Following the experimental design of Faria et al. Five larvae of the same instar stage from each species were placed into a ml plastic cup without food. Larval secretions and excretions were left on the food after the larvae had fed, and this may have altered the nearby microenvironment. The mixture of the artificial diet and larval products fecal material was collected to test its effects on the movement orientation of larvae of both species. Fecal material was respectively obtained by collecting the mixture of artificial diet after each instar larvae have fed rearing conditions: The fecal material 1 g from C.
Ten conspecific larvae of same stage 18 [first instar], 36 [second instar[rsqb, and 70 h old [third instar] were washed with distilled water and placed in the middle of the plastic cup.
The “bath” was to try to remove any “odor” of the larvae in advance. Movements of the three instars were recorded every 30 and 60 min. If more than six larvae were found to have aggregated at one end of the mixed diet, the orientation tendency was judged to be sustained and was recorded.
The larval developmental time of C. The maximum reduction was The developmental time of C. The maximum reduction time was Although maximum reductions in the time of larval development under density effects were similar in the two species, C. Effects of different breeding densities on the duration of larval development Aadult dry weight Band larval survivorship C under single-species rearing of C.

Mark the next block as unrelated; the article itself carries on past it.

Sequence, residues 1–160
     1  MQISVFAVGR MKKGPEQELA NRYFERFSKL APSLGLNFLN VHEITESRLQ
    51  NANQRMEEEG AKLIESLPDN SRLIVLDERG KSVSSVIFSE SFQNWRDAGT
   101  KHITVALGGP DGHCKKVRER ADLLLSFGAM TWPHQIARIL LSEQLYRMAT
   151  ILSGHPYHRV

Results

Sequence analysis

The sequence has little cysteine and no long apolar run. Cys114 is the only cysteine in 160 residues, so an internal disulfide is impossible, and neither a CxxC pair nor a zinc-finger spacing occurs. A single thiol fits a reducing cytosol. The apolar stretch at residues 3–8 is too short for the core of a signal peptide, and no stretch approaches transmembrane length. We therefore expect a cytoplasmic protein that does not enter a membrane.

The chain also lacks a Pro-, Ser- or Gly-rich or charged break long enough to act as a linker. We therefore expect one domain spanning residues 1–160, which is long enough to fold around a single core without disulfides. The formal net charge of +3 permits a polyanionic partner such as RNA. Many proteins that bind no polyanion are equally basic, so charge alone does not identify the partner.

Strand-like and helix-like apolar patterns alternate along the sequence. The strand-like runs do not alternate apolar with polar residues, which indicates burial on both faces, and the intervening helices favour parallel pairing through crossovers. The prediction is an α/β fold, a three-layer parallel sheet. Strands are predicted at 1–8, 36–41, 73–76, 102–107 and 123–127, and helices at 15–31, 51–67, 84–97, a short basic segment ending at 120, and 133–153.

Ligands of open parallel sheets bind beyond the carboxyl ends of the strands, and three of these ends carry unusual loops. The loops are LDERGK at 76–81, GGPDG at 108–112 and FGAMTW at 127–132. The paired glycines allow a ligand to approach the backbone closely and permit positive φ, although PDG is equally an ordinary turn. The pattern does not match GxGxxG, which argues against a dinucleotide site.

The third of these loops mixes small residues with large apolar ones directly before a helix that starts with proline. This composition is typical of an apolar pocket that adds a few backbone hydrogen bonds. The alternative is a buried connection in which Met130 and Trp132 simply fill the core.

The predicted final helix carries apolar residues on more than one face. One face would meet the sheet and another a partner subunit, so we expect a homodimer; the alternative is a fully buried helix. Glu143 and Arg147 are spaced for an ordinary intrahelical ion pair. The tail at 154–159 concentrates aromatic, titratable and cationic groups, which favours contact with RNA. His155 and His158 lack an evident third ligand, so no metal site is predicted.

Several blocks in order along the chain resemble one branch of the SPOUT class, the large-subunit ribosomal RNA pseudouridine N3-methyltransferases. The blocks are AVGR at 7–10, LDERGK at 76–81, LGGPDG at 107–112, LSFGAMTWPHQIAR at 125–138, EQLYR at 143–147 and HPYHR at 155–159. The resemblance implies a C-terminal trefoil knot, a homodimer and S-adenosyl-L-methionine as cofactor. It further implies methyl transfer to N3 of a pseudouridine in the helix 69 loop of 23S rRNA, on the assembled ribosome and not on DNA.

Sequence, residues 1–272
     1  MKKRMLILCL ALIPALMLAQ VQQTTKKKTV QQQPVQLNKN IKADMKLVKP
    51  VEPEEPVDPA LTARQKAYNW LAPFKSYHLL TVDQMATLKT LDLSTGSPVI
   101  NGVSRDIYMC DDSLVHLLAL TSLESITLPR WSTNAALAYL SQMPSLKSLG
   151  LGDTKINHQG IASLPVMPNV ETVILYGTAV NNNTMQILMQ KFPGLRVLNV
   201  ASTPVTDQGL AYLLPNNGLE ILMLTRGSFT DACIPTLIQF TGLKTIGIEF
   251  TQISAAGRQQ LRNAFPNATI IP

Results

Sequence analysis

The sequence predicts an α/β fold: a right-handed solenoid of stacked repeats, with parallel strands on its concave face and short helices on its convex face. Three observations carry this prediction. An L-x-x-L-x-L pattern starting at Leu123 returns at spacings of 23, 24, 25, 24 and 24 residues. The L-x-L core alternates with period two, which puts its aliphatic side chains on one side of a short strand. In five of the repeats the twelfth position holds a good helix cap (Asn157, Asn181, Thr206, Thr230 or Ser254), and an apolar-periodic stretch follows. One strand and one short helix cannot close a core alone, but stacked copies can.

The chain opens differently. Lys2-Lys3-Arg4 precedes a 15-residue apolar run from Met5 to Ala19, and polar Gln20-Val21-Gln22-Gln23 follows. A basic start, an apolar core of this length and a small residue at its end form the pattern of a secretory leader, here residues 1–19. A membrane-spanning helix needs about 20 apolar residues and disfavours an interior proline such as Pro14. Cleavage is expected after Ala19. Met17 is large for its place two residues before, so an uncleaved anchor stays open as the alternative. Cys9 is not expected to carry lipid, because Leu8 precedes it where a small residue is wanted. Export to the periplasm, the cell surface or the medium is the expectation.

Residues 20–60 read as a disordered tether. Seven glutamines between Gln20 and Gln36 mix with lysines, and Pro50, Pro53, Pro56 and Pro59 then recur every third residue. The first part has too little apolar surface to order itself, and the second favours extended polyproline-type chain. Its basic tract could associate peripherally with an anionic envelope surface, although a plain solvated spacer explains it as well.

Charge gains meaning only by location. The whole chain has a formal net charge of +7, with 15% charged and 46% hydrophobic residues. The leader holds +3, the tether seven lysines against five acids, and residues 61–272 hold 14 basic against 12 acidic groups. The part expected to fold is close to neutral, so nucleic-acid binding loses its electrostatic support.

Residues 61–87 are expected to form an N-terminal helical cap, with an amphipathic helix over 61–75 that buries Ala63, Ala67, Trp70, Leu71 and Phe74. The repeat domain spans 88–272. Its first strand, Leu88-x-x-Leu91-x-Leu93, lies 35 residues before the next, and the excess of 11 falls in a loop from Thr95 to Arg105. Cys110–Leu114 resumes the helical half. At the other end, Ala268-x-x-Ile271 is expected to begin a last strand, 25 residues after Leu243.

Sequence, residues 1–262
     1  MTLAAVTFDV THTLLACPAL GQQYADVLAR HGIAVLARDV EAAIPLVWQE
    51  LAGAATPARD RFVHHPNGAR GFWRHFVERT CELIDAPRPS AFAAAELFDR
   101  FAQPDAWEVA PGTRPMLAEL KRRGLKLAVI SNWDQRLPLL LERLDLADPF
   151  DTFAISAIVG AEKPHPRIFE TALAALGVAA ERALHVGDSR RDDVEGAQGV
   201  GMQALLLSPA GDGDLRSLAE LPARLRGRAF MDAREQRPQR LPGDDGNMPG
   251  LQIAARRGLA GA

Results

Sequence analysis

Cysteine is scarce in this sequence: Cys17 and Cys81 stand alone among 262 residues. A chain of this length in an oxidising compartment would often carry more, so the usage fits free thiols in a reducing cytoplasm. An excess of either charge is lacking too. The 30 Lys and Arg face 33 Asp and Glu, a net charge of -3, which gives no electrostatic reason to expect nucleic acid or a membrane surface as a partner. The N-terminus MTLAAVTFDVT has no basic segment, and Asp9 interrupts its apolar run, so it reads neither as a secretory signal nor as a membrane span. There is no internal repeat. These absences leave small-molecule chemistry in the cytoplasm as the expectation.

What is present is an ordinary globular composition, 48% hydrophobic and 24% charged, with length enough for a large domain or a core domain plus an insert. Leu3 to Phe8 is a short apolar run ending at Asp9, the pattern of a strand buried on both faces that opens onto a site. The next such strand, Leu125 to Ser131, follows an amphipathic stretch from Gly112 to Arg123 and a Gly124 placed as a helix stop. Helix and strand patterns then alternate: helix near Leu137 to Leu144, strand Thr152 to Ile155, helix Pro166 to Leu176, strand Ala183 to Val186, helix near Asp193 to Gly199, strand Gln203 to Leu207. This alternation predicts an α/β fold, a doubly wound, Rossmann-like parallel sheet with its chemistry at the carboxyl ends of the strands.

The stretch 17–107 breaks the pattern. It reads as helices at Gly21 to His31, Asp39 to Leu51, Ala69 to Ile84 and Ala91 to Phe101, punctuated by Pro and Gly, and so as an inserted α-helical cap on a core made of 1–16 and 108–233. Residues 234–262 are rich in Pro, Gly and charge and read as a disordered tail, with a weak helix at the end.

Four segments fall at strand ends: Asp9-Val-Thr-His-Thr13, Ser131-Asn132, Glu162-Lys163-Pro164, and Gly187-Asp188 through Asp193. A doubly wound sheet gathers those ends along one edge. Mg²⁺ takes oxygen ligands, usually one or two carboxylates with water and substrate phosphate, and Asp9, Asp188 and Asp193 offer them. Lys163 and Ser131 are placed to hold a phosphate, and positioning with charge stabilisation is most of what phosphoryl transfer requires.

The adult dry weights of C. As for larval survivorship, the survivorship of C. The survivorships of C. The survivorship of C.
Similar results were also found for adult dry weight Fig. Effects of different breeding densities on the duration of larval development Aadult dry weight Band larval survivorship C of C. Pure, single-species culture; mixed, mixed-species culture. Competition generally reduced the larval developmental time and adult dry weight of C.
Chrysomya megacephala – Wikipedia
We used the product of the mean adult dry weight and the mean larval survivorship as indicators for the overall fitness of these flies; the results showed that the fitness levels of both species were lower under interspecific competition than under intraspecific competition and gradually decreased as mmegacephala densities increased Fig. The production is the value of the mean adult dry weight multiplied by the mean larval survivorship. Linear regressions of the adult dry weights of C.